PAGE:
06-03-2013 07:18 PM
I'm doing some computations using SAS. In my formula, I have to divide a variable which I know it is not ZERO. But because it is very very small, SAS recognizes it as a ZERO, and gives me errors when processing the calculation.
What can I do to make SAS to increase the degree of accuracy when dealing with numbers? Thanks!
06-03-2013 10:46 PM
As far as I know, SAS does all it's computations using double precision floating point numbers and never goes beyond that precision. Within those limits, it tries to avoid rounding error and numerical instability. The most common approach when dealing with very large or very small numbers involves rescaling your problem.
For example, in the following datastep, an error occurs only when z is calculated :
x = 1e-200;
y = 1e200;
t = 1 / x;
z = y / x;
06-03-2013 11:44 PM
Can you post an example of the calculation causing the problem? Dividing by a very small number may result in a very large number that could be meaningless in the context of how you want to use it.
06-04-2013 01:34 AM
Another thing you might try is changing the order of your computations. It may be that your very small numbers are intermediary results.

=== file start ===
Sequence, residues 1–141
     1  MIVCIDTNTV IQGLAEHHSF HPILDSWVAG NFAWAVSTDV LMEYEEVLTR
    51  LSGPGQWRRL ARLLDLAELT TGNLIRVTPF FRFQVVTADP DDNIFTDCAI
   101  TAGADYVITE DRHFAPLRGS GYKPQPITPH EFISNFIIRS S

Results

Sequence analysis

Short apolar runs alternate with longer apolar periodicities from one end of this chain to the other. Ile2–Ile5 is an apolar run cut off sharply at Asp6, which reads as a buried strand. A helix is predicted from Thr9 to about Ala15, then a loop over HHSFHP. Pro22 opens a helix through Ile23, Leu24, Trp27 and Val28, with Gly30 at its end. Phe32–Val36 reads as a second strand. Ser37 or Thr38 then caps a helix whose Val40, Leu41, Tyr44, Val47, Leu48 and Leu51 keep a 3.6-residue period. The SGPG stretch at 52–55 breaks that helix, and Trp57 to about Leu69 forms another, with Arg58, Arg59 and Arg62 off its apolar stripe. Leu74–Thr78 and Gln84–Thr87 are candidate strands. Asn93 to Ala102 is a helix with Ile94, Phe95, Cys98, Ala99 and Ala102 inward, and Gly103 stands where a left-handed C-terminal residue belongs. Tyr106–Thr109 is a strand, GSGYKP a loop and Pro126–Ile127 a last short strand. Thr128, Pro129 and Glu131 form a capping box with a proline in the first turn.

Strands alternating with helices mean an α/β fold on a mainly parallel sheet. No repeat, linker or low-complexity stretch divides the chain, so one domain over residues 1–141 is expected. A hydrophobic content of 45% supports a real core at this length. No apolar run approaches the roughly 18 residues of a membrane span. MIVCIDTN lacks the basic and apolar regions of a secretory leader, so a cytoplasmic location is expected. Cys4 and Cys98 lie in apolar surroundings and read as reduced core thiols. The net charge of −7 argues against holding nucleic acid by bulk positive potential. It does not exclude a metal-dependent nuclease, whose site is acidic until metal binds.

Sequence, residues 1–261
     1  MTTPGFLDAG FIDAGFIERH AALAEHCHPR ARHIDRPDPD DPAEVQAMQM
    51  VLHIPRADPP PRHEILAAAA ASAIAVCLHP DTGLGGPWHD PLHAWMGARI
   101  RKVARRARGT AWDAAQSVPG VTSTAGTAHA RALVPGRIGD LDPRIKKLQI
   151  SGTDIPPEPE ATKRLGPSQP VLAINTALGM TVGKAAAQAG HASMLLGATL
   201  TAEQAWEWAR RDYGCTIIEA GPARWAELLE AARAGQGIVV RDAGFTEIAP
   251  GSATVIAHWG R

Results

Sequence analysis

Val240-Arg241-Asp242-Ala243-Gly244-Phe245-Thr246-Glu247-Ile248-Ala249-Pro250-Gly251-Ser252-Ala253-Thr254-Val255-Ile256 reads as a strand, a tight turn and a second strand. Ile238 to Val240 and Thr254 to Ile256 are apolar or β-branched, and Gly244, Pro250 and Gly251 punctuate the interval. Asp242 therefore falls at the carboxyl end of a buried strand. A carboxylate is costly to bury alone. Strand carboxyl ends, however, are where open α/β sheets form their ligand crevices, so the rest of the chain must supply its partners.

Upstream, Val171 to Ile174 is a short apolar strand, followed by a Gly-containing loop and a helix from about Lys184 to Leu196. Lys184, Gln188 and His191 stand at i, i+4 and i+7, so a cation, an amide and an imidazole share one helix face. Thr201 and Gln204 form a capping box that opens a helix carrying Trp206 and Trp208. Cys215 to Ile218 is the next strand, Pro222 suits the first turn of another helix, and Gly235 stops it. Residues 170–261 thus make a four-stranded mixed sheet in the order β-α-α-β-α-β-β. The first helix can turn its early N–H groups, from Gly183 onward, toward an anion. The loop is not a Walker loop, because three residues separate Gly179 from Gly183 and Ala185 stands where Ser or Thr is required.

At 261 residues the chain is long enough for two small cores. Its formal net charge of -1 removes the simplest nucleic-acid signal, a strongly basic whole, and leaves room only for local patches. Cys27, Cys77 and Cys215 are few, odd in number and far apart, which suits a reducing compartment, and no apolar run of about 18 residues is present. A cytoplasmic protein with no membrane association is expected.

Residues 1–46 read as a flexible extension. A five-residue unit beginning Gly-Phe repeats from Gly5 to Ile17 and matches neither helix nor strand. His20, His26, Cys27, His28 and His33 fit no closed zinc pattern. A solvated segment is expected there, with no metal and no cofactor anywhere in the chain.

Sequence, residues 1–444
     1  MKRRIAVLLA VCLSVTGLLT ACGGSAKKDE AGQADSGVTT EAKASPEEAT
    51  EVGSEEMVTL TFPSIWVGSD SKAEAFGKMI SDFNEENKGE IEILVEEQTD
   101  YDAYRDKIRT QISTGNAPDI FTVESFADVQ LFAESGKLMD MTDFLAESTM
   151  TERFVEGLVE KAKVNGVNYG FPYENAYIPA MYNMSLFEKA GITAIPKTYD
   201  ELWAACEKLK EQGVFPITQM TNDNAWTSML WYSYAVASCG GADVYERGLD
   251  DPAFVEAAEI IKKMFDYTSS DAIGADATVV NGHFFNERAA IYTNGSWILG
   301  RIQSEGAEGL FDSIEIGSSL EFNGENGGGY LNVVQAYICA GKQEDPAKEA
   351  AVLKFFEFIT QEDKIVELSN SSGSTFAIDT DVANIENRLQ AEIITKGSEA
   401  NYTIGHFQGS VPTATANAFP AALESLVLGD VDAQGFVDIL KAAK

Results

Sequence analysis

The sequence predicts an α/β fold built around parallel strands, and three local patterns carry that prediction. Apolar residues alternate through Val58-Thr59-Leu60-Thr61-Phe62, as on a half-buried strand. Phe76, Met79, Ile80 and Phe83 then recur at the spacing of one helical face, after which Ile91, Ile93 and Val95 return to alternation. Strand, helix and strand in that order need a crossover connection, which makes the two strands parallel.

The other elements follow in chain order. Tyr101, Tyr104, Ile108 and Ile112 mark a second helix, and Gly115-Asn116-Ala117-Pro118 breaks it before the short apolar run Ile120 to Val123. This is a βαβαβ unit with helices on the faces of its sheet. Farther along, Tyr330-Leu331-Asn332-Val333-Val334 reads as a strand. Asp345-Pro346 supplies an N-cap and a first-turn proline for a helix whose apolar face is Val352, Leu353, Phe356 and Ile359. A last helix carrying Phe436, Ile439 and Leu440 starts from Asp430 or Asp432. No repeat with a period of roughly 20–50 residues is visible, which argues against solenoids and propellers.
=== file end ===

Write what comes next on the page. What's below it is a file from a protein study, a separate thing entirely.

Also, it never hurts to go back to the assumptions of the model. Is it really meaningful in the real world problem you are trying to solve to divide by such a small number? Maybe there is a special condition in practice when measurements are very close to zero?
06-04-2013 11:52 AM
Here's another example. If you run this code, it quits after just over 1000 iterations, even though theoretically smallnum should never become zero. It's quite possible that the result that is causing you problems is actually zero.
All of the preceding advice is correct; you should consider ways to restructure your code.
smallnum = 1;
stopflag = 0;
do i = 1 to 1000000 while(stopflag = 0);
smallnum = smallnum / 2;
testnum = 1 / smallnum;
if smallnum = 0 then
stopflag = 1;